"I'm not doing this for anyone but him. I owe him this," he told her, breaking the silence and her mood.
A perfectly formed eyebrow was raised and her lips were thinned. She didn't comment though the atmosphere had lightened. He couldn't believe she was thinking he was using this, manipulating the situation for his own gains. He bit the inside of his cheek. He wasn't going to make a scene no matter how much it was ingrained in his genetics to act out in indignation. He should have known she would think so. She always assumed the worst of him. Not even here she was going to give him a chance.
The elevator ride down was the most uneventful moment of their entire time together, he thought drearily. The doors opened to a dimly lit hallway. He rudely stepped in front of her and made his way to a steal double-door. He grasped the handle but didn't turn it.
"Give me a minute, will you?" His voice was rough and wooden. The handle was icy to his touch.
"Sure," she answered in almost a whisper.
He turned the knob and slipped inside.
The air was thick and frozen in the room. Only one overhead light was on, illuminating the man on the table. The suit had fit him perfectly. The shoes shined brightly after being freshly polished. The man's skin was white, translucent almost. His eyes were closed with his eyelashes almost meeting his cheeks. His brown hair was swept back with a part to the right.
It was all wrong.
Incredibly, horribly wrong.
The metal slab wasn't supposed to be there. The man was supposed to jump up and yell 'Surprise! You son of a bitch!' and jauntily walk out to other members of his staff. There wasn't supposed to be silence. There wasn't supposed to be the fresh cuts along the left side of his face or the obvious sewing up of the top-most part of his head where it met with the window. His hair couldn't hide that wound well.
House saw all this and had not even moved from the threshold.
He was hesitant to take a step, not knowing whether his legs would support him. He was afraid to get any closer to the body in front of him. In all of his years of practicing medicine, he had never hesitated when confronted with a dead body. It was just decaying flesh slowed by formaldehyde and made to look lively by make up.
The hand gripping his cane was wet with perspiration and trembled slightly. He gripped it tighter and placed it in front of him. He took a tentative step and almost sighed in relief when he didn't crumble to his knees. He took another and four more until he was looking down at the dead man. His fingers grazed the cold metal of the table.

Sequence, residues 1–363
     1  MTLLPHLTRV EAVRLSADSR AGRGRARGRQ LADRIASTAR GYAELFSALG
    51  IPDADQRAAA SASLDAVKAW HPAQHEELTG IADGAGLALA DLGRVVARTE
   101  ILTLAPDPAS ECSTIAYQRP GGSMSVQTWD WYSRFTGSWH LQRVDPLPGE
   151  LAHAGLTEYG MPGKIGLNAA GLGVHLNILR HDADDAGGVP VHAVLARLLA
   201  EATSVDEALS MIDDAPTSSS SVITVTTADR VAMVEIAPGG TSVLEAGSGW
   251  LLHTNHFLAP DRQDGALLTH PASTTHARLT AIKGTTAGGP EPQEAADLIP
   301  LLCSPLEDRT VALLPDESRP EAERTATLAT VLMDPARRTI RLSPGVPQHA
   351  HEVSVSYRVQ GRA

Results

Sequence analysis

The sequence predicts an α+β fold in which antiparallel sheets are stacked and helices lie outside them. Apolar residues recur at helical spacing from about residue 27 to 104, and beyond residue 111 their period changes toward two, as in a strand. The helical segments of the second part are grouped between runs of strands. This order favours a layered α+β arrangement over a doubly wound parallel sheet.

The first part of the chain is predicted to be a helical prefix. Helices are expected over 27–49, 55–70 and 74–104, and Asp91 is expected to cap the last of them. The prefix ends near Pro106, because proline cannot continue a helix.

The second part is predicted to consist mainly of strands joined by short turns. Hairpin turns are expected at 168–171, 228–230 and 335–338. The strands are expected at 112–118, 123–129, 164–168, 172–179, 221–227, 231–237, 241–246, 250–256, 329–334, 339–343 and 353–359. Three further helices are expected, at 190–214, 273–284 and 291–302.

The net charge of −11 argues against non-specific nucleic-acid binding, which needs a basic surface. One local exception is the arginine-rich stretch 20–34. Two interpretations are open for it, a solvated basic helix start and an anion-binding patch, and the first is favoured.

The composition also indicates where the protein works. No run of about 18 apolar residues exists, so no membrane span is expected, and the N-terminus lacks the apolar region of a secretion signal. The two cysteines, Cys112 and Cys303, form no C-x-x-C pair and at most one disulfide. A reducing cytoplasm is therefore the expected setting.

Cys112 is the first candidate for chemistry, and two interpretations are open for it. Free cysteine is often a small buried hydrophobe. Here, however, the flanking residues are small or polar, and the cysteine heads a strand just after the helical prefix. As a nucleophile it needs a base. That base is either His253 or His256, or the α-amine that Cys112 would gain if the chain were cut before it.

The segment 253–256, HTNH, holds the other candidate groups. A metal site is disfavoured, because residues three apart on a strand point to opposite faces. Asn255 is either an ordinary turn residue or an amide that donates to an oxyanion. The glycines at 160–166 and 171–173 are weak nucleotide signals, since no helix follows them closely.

House searched his best friend's face. He looked… dead.
His hand clenched into fists with his knuckles now resting heavily on the slab. He felt his jaw clench. Wilson wasn't supposed to leave him alone. He was supposed to be the one laying here. The echoing of his voice startled him. He hadn't realized he had spoken aloud. He glanced at the door making sure Cuddy hadn't heard him. There was no movement from what he could see. He glanced down again.
"James," he whispered. No, that wasn't right. "Wilson."
"Why were you the only one who had faith in me?" he whispered.
Everyone in his life, with maybe the exception of his mother whom he hadn't spoken with in three months, gave up on him. But never Wilson. He was ever the stead-fast side-kick. Even when House had [unintentionally] killed his girlfriend, Wilson came back and forgave him. The oncologist forgave him. He never held anything against House.
"I'm sorry," House suddenly said.
The quiet rankled his nerves. It agitated him like never before.
"I'm so sorry."
He shivered. The cold was seeping into his old bones. To think he used to have lunch in here, to hide from Wilson and Cuddy in this cold, dark room.
"I'm sorry, Wilson," he said louder. His chest was constricted and he felt the warmth of tears falling onto his cheek. He wanted to see those brown eyes offer him absolution one last time. He had never wanted or needed someone's forgiveness so much. He couldn't remember a time when he offered his apologies with so much urgency.
His fist met the table quickly, the flesh, bone and metal creating a sharp boom.
"You weren't supposed to be there!" he said harshly, "You, idiot! Why did you have to be there for me? Didn't I tell you, you were a sucker, chasing after needy people? No, you were optim—no, you weren't an optimist. You were the devil's advocate. You found the neediest, meanest SOB in the hospital and toyed with him. You thought—hoped— everything would be right in the word—well, it fucking isn't!"
He took sure, measured steps around the table, tears still making their way down his stubble, his face flushed with anger. His breathing was labored and he gulped what little oxygen he could into his lungs.
"Wilson, please," he harshly muttered. His back bent as if the world decided to rest there and press down cruelly. His arms were stretched out, his hands clutching the tablet to keep himself upright.
"I'm sorry," he whispered.
He heard the creak of the door open and he immediately used the last of his strength to stand up quickly and turn his back to it. He took a deep breath to center himself and let it out harsher than he wanted to.
"Give me another minute," he said, his voice hoarser than he wanted it. "Please," he grated out.
He heard a soft "okay" and the door slowly shutting close. When he was alone, he sniffled loudly and wiped both hands across his face. He needed a drink. He needed to get back home and forget this was here. Forget his best friend was being interred in the ground tomorrow. Forget the last person in the world who gave a damn about him was lying cold, alone in a sterile crypt.
House stared at Wilson. This was one of the last times he would see the man. Tomorrow would be the very last.
The funeral march was already sounding in his ears.
AN: *If you do not know, Jimmy Page was a guitarist and writer for the band, Led Zeppelin. John Bonham was their drummer who unfortunately died of alcohol related asphyxiation in September of 1980, canceling their North American tour and ultimately leading to the break-up of the band. Wilson's story is based on a true one. Thank you again for reading!